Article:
Avian incubation


Avian incubation

Incubation is the process by which birds hatch their eggs, and to the development of the embryo within the egg. The most vital factor of incubation is the constant temperature required for its development over a specific period. Especially in domestic fowl, the act of sitting on eggs to incubate them is called brooding. The action or behavioral tendency to sit on a clutch of eggs is also called broody, and most egg laying breeds of chicken have had this behavior selectively bred out of them to increase production.cite book |title=Storey's Illustrated Guide to Poultry Breeds |last=Ekarius |first=Carol |year=2007 |publisher=Storey Publishing |location=210 MAS MoCA Way, North Adams MA 01247 |isbn=978-1-58017-667-5 ]

In most species, body heat from the brooding parent provides the constant temperature, though several groups, notably the Megapodes, instead use geothermal heat or the heat generated from rotting vegetable material, effectively creating a giant compost heap. The Namaqua Sandgrouse of the deserts of southern Africa, needing to keep its eggs cool during the heat of the day, stands over them drooping its wings to shade them. The humidity is also critical, and if the air is too dry the egg will lose too much water to the atmosphere, which can make hatching difficult or impossible. As incubation proceeds, an egg will normally become lighter, and the air space within the egg will normally become larger, owing to evaporation from the egg.

In the species that incubate, the work is divided differently between the sexes. Possibly the most common pattern is that the female does all the incubation, as in the Coscoroba Swan and the Indian Robin, or most of it, as is typical of falcons. In some species, such as the Whooping Crane, the male and the female take turns incubating the egg. In others, such as the cassowaries, only the male incubates. The male Mountain Plover incubates the female's first clutch, but if she lays a second, she incubates it herself. In Hoatzins, some birds (mostly males) help their parents incubate later broods.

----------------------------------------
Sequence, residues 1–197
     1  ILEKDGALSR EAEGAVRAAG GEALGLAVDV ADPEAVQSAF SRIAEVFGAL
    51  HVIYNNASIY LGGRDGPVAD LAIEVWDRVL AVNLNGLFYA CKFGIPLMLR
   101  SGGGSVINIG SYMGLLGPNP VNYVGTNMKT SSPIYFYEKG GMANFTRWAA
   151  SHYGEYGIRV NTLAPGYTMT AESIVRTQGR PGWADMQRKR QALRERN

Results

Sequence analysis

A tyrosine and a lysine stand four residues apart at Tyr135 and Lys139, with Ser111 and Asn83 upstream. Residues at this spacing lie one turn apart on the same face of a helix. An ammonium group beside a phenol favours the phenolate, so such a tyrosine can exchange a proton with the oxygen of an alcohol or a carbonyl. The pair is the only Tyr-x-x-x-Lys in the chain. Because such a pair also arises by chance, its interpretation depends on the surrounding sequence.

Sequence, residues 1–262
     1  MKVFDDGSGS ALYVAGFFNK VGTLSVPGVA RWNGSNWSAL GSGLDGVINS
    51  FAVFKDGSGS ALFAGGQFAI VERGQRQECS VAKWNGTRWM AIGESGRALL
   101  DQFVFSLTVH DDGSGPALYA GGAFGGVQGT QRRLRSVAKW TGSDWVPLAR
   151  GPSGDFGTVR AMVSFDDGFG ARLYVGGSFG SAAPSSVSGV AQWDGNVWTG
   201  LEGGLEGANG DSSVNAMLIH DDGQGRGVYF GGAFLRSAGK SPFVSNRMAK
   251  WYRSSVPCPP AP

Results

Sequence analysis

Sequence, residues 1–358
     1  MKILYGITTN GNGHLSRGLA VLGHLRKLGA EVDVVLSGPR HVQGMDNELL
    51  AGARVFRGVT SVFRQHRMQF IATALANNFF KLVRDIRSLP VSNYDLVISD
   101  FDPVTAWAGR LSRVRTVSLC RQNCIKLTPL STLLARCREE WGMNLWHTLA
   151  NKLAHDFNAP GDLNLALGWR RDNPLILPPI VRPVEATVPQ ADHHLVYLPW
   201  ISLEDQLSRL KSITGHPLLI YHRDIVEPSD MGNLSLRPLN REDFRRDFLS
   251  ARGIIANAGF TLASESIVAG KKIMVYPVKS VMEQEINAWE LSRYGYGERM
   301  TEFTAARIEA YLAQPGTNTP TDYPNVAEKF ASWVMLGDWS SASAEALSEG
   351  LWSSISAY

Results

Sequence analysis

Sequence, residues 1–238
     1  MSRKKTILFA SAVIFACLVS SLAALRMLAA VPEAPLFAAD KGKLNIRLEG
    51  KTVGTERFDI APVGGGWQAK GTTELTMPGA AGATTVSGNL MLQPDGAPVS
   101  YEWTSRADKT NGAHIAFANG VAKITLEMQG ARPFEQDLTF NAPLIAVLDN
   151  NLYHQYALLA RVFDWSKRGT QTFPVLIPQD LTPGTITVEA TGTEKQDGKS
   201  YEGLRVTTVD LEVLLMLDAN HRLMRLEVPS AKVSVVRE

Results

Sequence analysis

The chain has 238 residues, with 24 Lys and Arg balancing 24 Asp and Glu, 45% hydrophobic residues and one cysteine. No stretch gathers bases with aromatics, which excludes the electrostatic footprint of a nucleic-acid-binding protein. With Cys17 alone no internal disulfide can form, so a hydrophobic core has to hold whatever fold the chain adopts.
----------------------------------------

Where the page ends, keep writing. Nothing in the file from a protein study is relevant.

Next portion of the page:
Incubation times range from 11 days (some small passerines and the Black-billed and Yellow-billed Cuckoos) to 85 days (the Wandering Albatross and the Brown Kiwi). In these latter, the incubation is interrupted; the longest uninterrupted period is 64 to 67 days in the Emperor Penguin. [http://www.birding.com/BirdRecords1.htm] It can be an energetically demanding process, with adult albatrosses losing as much as 83 g of body weight a day. [Warham, J. (1990) "The Petrels - Their Ecology and Breeding Systems" London:Academic Press. ]

Some species begin incubation with the first egg, causing the young to hatch at different times; others begin after laying the second egg, so that the third chick will be smaller and more vulnerable to food shortages. Some start to incubate after the last egg of the clutch, causing the young to hatch simultaneously.

Derived meanings

Climate-controlled incubators are utilized in industrial agricultural settings and in neonatal care, especially of human infants. The life expectancy for premature infants has increased dramatically thanks to incubation.

References

* Christopher Perrins (editor), "Firefly Encyclopedia of Birds", ISBN 1-55297-777-3


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